Bernard said at July 4, 2015 4:43 AM:

I just did a costing for work. A commercial place is open during the day when the sun he sun is up so a battery is not so important. I estimate that the costs including government subsidies make it now about 20% too high. The cost came in at $13,000 and to make it worthwhile would be a cost of about $11,000

Brett Bellmore said at July 4, 2015 7:52 AM:

There are a lot of "commercial places" called "factories", that produce actual physical objects, using expensive, power hungry machinery which it isn't cost effective to leave idle 67% of the time. I work in one of them, as an engineer. It would cripple us not to have massive amounts of electricity available at night.

And I live in a part of the country where, for a good deal of the year, you need air conditioning to work around the clock, too.

And if these synthetic meat factories and farm towers actually prove out, they'll be running 24/7, too.

I don't get this idea that we ought to give up the 24/7 availability of energy, and take a step back to the days when you didn't do much at night because it got dark when the Sun goes down. "Never mind the limitations of solar, we can go back to a 17th century lifestyle!"

Engineer-Poet said at July 4, 2015 8:19 AM:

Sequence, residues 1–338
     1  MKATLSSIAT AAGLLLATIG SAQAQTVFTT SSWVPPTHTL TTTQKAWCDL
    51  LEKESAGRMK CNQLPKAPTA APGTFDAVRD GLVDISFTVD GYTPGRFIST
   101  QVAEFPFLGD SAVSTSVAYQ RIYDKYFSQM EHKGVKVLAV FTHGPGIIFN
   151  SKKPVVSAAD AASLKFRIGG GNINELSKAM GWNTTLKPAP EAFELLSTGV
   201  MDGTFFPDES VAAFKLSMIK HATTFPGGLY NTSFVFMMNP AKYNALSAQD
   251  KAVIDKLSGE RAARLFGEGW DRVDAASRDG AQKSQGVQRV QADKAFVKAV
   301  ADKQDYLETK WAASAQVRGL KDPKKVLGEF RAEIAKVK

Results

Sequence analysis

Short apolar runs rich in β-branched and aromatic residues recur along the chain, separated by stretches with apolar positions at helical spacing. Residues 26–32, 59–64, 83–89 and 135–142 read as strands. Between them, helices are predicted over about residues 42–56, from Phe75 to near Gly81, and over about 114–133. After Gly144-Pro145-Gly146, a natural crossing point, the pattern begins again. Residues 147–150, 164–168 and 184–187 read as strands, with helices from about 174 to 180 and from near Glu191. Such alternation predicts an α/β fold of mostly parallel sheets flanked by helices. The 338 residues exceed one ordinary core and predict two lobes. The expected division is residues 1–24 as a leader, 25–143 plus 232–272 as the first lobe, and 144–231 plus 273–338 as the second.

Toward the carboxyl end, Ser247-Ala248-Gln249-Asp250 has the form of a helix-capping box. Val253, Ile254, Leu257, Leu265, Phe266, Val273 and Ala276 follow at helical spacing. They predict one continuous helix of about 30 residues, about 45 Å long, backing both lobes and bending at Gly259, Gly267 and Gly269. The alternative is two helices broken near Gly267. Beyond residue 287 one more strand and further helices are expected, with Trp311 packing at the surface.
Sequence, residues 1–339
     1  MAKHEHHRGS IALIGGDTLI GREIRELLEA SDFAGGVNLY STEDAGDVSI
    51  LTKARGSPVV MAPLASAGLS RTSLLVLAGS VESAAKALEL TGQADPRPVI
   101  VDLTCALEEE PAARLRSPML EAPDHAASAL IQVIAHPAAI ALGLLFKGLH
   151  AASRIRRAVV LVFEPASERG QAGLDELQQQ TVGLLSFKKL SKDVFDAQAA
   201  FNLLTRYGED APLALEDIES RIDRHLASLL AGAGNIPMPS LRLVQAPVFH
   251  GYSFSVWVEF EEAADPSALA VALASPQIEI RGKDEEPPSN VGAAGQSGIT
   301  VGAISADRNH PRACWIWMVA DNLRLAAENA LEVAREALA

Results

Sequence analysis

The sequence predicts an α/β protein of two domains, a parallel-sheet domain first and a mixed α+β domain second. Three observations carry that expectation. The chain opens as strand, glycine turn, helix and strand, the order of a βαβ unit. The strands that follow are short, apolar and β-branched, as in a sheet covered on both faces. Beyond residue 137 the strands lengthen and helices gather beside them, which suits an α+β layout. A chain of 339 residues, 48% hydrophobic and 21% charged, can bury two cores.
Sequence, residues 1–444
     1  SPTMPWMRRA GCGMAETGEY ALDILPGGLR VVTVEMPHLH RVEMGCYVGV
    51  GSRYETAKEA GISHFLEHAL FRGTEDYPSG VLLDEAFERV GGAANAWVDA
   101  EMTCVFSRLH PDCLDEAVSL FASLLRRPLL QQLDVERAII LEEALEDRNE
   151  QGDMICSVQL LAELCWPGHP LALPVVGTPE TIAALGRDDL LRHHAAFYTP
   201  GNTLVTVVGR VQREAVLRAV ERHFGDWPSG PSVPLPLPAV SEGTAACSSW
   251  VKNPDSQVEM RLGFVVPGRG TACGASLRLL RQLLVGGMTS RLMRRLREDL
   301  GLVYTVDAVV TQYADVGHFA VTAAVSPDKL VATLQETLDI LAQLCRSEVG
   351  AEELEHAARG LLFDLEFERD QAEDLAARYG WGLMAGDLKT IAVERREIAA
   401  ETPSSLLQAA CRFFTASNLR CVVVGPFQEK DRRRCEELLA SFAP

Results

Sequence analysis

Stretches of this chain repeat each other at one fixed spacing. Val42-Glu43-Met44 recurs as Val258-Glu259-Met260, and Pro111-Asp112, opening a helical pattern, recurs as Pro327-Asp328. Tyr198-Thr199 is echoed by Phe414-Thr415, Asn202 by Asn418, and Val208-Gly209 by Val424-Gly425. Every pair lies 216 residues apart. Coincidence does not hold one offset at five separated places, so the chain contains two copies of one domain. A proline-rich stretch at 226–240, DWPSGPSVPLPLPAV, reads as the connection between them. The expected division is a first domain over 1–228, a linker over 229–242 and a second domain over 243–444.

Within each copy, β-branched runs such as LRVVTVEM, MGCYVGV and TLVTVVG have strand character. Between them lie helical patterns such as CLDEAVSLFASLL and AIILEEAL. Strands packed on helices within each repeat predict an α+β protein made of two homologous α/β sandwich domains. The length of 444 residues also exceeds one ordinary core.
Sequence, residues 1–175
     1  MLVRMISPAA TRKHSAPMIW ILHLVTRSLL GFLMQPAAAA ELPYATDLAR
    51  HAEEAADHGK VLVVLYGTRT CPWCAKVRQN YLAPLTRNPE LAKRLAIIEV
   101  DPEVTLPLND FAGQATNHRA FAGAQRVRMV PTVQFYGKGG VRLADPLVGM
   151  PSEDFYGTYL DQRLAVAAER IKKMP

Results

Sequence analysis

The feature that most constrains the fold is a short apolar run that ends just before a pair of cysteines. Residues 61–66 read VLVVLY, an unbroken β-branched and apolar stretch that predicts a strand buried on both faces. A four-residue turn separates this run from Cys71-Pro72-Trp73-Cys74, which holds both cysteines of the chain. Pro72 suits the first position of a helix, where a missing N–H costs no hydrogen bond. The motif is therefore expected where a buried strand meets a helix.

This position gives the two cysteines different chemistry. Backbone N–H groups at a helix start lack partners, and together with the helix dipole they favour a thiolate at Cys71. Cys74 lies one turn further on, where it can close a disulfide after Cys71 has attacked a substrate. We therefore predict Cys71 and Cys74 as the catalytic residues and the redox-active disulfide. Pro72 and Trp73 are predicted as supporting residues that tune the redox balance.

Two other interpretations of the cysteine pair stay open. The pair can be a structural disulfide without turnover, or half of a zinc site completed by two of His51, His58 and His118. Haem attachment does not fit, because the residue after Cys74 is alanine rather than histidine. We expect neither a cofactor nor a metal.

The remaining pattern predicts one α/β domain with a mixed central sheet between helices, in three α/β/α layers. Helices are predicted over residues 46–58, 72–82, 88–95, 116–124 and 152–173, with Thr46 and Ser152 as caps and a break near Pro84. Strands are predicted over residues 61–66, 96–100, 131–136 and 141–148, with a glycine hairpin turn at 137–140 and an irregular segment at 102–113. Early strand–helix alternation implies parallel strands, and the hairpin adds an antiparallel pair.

All the rosy projections for PV penetration assume that energy from whatever source has the same value (so-called Levelized Cost of Energy, LCOE).  This is false.  The value of energy varies widely based on where and especially when it is produced (look at the regional and monthly price variations in natural gas).

These details are largely hidden from residential consumers paying flat per-kWh rates, but these billing arrangements will probably disappear over the next few years.

The only meaningful metric of the value of non-dispatchable generation invented to date is LACE, Levelized Avoided Cost of Energy.  If you're generating lots of power when everyone else is generating lots too, the value of your output is going to be very low; Schalk Cloete calculates that the value of intermittent RE falls to zero at a penetration of 28.3%.  If generators are not subsidized, they won't be able to pay for new installations well before 20% penetration even at $1/W(peak).

Electricity is a good that must be stored or consumed immediately.  Storage costs money.  Overnight storage may make sense at $100/kWh, but wind and solar can take "vacations" lasting weeks and have strong seasonal variations.  Weekly storage of electricity requires storage costs of no more than a handful of dollars per kWh, and seasonal (annual) cycling requires it to be even cheaper.  This requires entirely new chemistry, because the materials alone for current batteries are far more expensive than that.  Maybe Sadoway has something up his sleeve, but I wouldn't bet on it.